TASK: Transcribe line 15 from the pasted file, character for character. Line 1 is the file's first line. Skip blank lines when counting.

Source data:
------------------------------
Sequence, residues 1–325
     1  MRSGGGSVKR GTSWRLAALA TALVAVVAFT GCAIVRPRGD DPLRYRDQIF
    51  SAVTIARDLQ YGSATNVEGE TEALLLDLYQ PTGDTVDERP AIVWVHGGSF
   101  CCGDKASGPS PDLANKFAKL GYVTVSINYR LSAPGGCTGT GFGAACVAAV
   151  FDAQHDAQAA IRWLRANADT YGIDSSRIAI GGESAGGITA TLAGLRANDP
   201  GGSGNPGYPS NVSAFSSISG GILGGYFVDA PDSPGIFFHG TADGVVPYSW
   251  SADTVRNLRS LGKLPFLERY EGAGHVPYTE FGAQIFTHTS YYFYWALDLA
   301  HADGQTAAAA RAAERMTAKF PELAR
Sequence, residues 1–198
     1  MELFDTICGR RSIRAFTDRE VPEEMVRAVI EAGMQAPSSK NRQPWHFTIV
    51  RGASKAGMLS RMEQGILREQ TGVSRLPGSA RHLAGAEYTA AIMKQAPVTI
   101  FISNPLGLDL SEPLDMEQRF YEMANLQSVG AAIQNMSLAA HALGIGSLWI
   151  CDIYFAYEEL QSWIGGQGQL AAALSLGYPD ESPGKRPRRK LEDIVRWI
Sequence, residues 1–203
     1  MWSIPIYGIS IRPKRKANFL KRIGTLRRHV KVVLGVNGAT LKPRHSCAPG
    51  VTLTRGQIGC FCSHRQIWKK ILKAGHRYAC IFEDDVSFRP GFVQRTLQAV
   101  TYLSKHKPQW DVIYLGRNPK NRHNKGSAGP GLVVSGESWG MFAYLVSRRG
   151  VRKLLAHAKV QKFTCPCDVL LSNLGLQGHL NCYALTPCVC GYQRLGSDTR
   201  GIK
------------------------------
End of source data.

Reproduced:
     1  MWSIPIYGIS IRPKRKANFL KRIGTLRRHV KVVLGVNGAT LKPRHSCAPG